SACRAMENTO – A bill authored by Assemblymember Bill Quirk (D-Hayward) to ease the regulatory burden on the cannabis industry has been signed into law. The bill, AB 1458 will increase the Tetrahydrocannabinol (THC) variance for edible cannabis products.
“Currently, only edibles with a THC variance of plus-or-minus 10% can be approved for sale in the market. Industry has indicated that it is nearly impossible to produce an edible with that slight variance. AB 1458 will increase the allowable variance to a plus-or-minus 12% until January 1, 2022,” explained Assemblymember Quirk.
California law requires that all cannabis and cannabis products distributed and sold in California be accompanied by a certificate of analysis (COA) from a licensed testing, certifying that they have been properly analyzed by a testing laboratory.
This analysis must include a myriad of information related to the cannabis or cannabis product, including the potency of level of THC, the psychoactive component of cannabis. Additionally, cannabis testing laboratories are required to evaluate the levels of contaminants of cannabis samples and detect any contamination of foreign materials (such as hair and insects or processing chemicals).
“We are pleased to see Governor Newsom sign AB 1458. Thank you to Assemblymember Quirk for authoring this important piece of legislation. We are proud of our approach to the work, we are proud of the industry, and we are excited for where it is heading. These policy collaborations are crucial to achieve ideal outcomes for every stakeholder involved--consumer, patient, or otherwise,” says Kenny Morrison, co-founder and President of the California Cannabis Manufacturers Association (CCMA).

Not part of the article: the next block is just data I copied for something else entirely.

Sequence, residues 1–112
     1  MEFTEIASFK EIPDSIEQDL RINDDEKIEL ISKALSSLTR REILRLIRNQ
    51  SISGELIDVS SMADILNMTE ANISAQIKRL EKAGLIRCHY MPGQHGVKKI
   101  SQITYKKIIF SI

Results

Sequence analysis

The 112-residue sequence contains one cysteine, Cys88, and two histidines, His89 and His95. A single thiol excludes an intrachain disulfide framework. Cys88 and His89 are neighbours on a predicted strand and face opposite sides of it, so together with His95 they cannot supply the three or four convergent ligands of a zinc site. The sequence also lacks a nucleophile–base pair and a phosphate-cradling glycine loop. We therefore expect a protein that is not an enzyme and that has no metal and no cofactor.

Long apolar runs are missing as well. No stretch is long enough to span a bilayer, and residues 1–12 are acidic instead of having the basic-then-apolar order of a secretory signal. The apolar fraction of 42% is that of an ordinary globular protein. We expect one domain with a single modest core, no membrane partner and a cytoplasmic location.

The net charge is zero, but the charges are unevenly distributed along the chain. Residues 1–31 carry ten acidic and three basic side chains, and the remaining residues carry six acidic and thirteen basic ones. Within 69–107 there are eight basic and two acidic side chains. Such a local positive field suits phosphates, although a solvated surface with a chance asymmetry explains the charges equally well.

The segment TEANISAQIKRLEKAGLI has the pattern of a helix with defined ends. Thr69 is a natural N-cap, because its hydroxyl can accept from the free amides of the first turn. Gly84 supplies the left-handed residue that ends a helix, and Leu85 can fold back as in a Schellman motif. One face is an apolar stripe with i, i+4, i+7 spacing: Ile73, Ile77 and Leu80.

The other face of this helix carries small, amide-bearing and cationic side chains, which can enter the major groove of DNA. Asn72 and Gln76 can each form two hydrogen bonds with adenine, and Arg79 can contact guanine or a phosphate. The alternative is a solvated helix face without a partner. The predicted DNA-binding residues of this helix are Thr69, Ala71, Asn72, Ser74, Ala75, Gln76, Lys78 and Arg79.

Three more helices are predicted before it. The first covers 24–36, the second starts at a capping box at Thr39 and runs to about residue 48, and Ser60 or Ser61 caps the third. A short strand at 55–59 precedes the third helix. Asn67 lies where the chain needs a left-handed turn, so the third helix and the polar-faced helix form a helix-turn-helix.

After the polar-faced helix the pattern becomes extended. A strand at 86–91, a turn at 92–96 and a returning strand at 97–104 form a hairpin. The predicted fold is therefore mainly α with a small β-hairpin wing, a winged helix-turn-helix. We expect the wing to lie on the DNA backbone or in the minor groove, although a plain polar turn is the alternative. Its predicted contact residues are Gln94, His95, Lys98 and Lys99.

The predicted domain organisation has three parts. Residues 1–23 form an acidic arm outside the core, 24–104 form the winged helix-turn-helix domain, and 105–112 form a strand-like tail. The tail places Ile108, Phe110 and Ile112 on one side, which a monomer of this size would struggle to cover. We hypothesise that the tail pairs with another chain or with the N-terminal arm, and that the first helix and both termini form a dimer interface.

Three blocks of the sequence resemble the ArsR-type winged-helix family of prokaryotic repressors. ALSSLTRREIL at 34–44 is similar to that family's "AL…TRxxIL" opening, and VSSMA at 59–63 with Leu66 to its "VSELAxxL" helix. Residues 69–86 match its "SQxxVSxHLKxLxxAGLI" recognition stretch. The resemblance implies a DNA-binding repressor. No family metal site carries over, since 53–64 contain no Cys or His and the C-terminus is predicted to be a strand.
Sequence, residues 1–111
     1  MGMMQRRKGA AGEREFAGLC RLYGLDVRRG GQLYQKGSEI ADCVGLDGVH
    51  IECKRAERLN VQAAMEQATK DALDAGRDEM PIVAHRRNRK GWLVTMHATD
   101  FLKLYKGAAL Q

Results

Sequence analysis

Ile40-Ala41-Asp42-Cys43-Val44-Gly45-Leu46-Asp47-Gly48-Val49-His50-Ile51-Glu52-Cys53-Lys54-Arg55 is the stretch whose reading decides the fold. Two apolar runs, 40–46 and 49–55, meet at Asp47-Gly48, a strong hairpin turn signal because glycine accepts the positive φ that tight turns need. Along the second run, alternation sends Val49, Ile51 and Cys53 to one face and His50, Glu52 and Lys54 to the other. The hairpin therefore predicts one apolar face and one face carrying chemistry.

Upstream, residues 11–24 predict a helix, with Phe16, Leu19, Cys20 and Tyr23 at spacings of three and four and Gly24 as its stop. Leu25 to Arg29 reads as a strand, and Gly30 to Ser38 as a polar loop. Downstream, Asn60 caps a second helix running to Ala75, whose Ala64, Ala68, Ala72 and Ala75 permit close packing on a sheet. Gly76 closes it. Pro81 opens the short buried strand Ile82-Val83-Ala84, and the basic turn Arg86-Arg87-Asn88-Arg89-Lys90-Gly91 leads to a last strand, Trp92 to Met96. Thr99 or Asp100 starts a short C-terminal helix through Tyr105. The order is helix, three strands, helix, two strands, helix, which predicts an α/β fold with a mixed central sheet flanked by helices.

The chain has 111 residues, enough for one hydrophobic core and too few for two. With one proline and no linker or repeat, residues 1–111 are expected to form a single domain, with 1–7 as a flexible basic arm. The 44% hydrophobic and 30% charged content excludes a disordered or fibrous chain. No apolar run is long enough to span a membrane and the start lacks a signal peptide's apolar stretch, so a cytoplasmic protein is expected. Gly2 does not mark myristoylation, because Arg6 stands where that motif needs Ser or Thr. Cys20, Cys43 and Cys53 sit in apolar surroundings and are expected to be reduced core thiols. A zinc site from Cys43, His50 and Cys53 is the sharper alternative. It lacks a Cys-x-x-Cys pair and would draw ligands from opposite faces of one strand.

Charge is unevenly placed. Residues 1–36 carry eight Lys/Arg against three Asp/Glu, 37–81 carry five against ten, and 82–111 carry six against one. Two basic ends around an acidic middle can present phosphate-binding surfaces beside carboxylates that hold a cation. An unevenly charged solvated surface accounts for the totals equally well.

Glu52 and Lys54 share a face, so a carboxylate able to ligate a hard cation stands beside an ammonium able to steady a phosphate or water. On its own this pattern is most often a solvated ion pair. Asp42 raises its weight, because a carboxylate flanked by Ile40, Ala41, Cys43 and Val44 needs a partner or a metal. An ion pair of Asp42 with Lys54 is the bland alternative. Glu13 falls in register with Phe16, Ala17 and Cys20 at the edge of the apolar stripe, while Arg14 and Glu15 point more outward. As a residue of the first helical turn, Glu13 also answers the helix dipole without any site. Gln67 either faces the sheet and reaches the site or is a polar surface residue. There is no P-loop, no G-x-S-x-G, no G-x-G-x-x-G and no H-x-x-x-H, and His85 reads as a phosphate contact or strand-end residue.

“It is imperative for cannabis statutes and regulations to provide strong public safety standards while encouraging achievable and business-friendly practices that foster a robust, regulated marketplace. However, there are some valid reasons why there may be a variance in the THC level of cannabis testing in edibles. These include, testing equipment varying from lab to lab and the complexity involved in the testing process. I am glad Governor Newsom agreed with the need for this modest modification,” said Assemblymember Quirk upon learning his bill was signed.
AB 1458 will go into effect on January 1, 2021.